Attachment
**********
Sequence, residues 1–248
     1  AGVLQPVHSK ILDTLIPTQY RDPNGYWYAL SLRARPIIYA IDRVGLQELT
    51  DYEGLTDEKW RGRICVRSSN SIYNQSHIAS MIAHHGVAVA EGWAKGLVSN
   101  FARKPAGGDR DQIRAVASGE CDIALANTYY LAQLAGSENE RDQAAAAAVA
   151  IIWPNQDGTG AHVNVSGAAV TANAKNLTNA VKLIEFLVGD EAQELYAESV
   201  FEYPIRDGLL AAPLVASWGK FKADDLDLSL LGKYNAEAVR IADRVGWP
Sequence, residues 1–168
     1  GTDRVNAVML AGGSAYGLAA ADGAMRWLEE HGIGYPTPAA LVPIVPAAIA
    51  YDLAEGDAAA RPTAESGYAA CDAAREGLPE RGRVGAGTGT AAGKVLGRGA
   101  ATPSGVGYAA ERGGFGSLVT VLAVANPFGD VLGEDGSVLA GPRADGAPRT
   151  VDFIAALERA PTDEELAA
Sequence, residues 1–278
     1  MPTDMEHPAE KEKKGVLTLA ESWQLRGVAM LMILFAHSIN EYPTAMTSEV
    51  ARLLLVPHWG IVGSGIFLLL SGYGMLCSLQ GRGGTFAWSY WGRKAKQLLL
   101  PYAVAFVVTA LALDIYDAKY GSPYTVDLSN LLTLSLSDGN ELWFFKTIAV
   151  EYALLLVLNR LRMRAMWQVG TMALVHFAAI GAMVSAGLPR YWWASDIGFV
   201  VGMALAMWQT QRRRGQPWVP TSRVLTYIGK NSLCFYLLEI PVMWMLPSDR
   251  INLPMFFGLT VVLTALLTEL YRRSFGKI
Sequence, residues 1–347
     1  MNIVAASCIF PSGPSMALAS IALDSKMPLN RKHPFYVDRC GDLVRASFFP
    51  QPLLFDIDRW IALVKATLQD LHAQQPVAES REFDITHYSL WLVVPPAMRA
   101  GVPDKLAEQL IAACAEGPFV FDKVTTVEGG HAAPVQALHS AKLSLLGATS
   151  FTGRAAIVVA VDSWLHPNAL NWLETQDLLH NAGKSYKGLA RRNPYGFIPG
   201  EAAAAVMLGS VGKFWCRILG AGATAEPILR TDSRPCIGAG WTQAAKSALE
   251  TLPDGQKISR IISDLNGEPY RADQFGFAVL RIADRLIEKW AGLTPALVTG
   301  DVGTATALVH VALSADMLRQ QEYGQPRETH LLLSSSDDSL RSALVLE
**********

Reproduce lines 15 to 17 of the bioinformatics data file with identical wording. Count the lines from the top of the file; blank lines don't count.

   101  PYAVAFVVTA LALDIYDAKY GSPYTVDLSN LLTLSLSDGN ELWFFKTIAV
   151  EYALLLVLNR LRMRAMWQVG TMALVHFAAI GAMVSAGLPR YWWASDIGFV
   201  VGMALAMWQT QRRRGQPWVP TSRVLTYIGK NSLCFYLLEI PVMWMLPSDR